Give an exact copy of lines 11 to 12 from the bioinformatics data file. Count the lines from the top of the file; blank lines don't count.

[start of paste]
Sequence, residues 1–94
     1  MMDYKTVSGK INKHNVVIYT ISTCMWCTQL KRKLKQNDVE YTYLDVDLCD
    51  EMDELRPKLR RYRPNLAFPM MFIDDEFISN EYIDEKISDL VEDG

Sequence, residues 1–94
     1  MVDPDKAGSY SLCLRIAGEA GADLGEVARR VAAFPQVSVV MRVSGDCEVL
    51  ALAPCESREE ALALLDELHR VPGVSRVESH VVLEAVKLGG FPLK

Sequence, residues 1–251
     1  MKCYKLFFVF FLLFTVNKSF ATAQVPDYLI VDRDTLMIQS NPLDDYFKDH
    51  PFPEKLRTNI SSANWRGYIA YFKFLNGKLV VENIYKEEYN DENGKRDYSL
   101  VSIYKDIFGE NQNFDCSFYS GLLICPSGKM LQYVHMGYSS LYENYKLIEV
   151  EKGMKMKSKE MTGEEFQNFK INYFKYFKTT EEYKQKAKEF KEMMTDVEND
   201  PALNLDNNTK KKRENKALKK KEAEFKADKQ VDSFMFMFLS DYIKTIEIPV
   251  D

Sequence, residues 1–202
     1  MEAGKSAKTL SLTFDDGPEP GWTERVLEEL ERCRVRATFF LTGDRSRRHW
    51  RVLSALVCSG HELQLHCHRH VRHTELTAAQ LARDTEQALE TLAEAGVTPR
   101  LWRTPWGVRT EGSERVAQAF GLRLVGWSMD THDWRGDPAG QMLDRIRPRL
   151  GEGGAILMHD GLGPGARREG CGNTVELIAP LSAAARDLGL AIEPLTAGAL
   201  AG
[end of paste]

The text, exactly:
   151  EKGMKMKSKE MTGEEFQNFK INYFKYFKTT EEYKQKAKEF KEMMTDVEND
   201  PALNLDNNTK KKRENKALKK KEAEFKADKQ VDSFMFMFLS DYIKTIEIPV